Scrolling through web pages in the Silk browser in the Fire OS app switcher and swiping between home screens, I noted that the Fire HD 8's screen was plenty responsive, though its animations felt a little slow.
Software: Alexa done right
The Fire HD 8, like all Amazon tablets, runs Fire OS, the company's forked version of Android. That means the operating system looks slightly similar to what you find on most Android phones, but with a different coat of paint -- and no Google Play app store. Also, it means Amazon gets to bake in its own tricks, such as its digital assistant, Alexa, which is now voice-activated.
If you're wondering how Alexa wasn't voice-activated before, you're not alone. I'm still surprised that the 2017 Fire HD 8 shipped with tap-to-trigger Alexa, making that device more like an Echo Tap than a traditional Echo speaker.
Alexa worked well on the Fire HD 8, clearly interpreting (and correctly answering) questions about my local forecasts, suggesting nearby pizza restaurants and setting timers. I noticed a slight pause, though, between when it received questions and when it answered them.
If you're using the Fire HD 8 while you're in the same room as another Alexa-enabled device, there's one setting you'll need to understand. In Settings, under Alexa, you'll notice an option called Tablet ESP Behavior, which is followed by a lengthy, slightly confusing explanation.
Turning this setting on means Alexa triggers will activate the nearest Alexa device that isn't the Fire HD 8. One reason to enable this option is if you want Alexa to play music on a better-sounding device in your home, such as the Echo Plus, Echo Dot or Echo Show.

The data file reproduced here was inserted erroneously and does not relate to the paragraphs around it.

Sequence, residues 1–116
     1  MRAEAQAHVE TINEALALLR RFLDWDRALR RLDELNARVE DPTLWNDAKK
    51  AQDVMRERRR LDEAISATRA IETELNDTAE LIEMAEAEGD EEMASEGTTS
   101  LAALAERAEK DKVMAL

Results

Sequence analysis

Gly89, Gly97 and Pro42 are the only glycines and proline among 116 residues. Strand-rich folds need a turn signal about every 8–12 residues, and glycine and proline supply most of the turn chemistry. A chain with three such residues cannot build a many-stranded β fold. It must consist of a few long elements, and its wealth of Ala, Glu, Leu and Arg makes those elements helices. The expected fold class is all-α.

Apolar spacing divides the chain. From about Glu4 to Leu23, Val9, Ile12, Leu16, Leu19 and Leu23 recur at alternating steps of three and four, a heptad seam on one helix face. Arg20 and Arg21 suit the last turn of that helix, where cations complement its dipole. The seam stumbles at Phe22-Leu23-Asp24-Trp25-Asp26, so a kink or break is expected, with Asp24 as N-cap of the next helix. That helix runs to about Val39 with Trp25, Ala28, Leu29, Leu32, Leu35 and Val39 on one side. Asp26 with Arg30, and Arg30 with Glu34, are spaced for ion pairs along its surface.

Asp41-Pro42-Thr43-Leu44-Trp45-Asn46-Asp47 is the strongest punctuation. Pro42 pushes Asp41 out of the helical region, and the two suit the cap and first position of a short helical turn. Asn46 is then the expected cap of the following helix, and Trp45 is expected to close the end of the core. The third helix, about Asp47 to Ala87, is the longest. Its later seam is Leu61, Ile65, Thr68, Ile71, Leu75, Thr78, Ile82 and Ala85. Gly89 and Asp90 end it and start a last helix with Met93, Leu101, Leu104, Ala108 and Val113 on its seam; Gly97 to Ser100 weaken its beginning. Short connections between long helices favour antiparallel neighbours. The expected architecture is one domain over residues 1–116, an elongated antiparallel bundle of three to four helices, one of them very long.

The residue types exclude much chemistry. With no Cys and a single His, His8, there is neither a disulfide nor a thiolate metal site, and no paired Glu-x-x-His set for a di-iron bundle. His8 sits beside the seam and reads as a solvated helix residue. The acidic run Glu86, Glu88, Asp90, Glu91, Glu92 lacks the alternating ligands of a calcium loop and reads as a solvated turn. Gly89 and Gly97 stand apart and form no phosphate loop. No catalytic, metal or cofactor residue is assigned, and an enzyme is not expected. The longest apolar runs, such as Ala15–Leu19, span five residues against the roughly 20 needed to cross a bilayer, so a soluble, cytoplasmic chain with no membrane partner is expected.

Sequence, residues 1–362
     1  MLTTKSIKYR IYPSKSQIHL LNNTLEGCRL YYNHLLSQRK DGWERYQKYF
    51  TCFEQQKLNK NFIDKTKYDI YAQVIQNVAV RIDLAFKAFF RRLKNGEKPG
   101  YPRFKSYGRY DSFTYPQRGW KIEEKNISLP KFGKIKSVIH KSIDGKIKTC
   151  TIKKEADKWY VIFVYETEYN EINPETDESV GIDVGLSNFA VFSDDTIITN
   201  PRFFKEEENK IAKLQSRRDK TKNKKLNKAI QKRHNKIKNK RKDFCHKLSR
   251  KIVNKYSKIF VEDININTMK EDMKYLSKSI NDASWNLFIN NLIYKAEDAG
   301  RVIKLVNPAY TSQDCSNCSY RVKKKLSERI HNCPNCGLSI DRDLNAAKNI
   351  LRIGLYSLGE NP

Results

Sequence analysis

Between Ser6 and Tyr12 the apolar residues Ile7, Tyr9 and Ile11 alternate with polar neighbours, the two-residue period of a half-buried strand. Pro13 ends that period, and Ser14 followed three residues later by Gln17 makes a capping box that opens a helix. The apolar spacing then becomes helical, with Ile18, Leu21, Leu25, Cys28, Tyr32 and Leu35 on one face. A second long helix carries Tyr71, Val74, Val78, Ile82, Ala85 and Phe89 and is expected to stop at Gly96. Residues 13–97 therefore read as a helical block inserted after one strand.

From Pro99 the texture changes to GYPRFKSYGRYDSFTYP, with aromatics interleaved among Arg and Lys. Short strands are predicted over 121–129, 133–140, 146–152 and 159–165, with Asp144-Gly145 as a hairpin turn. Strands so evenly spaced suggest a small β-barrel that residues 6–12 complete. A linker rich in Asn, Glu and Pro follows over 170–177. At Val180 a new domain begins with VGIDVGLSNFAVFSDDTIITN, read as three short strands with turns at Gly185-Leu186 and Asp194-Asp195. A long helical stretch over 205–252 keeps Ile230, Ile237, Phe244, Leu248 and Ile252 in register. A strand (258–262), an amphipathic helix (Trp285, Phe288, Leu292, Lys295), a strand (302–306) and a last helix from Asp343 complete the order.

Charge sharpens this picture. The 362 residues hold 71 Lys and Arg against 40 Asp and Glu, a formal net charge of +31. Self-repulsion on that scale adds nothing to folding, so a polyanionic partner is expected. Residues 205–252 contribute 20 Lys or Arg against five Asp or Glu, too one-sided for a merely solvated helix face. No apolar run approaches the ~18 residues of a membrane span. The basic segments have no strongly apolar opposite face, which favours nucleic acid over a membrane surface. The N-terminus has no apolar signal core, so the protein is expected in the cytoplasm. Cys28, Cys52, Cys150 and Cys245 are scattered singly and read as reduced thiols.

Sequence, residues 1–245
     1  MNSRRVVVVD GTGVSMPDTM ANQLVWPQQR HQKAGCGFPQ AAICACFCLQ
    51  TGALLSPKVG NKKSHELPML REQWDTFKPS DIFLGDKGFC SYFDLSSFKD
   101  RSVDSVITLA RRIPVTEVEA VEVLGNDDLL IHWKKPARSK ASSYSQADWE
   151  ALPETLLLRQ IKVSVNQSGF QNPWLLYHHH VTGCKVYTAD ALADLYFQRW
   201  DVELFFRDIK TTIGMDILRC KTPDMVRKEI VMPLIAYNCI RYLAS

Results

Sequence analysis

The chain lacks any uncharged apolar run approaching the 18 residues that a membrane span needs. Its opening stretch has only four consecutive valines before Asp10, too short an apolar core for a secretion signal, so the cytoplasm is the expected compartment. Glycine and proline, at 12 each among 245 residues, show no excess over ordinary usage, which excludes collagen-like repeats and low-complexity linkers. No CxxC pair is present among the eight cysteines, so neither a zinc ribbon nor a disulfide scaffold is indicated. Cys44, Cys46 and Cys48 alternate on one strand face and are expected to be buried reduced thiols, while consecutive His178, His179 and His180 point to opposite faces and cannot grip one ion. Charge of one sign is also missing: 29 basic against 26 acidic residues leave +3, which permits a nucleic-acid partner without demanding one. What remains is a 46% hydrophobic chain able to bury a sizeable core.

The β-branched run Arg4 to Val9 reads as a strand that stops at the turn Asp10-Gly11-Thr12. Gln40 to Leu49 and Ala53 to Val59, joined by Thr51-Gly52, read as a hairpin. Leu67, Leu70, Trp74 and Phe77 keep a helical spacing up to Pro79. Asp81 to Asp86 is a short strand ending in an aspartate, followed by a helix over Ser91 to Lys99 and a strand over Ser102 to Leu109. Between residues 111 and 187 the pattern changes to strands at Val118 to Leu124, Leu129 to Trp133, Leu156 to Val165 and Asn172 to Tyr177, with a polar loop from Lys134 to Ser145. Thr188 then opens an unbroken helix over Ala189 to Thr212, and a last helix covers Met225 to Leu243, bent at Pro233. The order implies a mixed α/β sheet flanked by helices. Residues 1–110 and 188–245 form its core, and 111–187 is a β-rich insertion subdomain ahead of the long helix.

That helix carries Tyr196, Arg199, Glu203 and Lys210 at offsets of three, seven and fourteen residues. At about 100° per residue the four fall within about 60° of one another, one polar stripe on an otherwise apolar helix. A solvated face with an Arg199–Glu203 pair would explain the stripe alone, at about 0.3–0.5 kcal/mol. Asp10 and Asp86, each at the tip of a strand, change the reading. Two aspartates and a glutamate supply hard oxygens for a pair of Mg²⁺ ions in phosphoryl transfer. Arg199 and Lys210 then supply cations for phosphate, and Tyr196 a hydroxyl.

Also, let's talk about YouTube, or at least the limited version of it that comes on the Fire HD 8. Those who pay for YouTube Premium will be annoyed to find that the popular video platform is limited to the tablet's browser, as there's still no YouTube app for Fire OS. That means you can't watch videos in the background and you can't save clips for offline play. While Amazon doesn't get all the blame for this -- it's shared with Google -- this is still a dent in the Fire OS platform.
On Dec. 5, Amazon added Drop in and Announcements (its calling and messaging) to the Show Mode in the Fire HD 8 and Fire HD 10. To enable this, pull down the settings menu from the top of the screen, open settings, select Alexa and turn both Alexa and Hands-Free Mode to on. Then, select Communications and turn Calling and Messaging on. Set Drop In to On for permitted contacts and/or 'My Household' and turn select Announcements and toggle that option to Enabled.
The Fire HD 8 (powered by a quad-core, 1.3-GHz processor and 1.5GB of RAM) isn't exactly speedy, but it has enough kick for casual productivity. I saw slight pauses while moving between tabs and longer, significant ones when moving between apps, such as from Netflix to the Camera app.
The Geekbench 4 general-performance test gave the Fire HD 8 a score of 1,678, which is similar to the 1,847 earned by the Tab 4 (Qualcomm MSM8917 Snapdragon 425 with 2GB of RAM). The tablet average is a higher 3,819, and the iPad (Apple A10 Fusion chip with 2GB of RAM) notched an even-higher 5,983.
The Fire HD 8 fared similarly on the 3DMark Ice Storm Unlimited test, posting 5,815, which is below the 20,120 tablet average. We saw higher scores of 37,117 from the iPad and 6,029 from the Tab 4.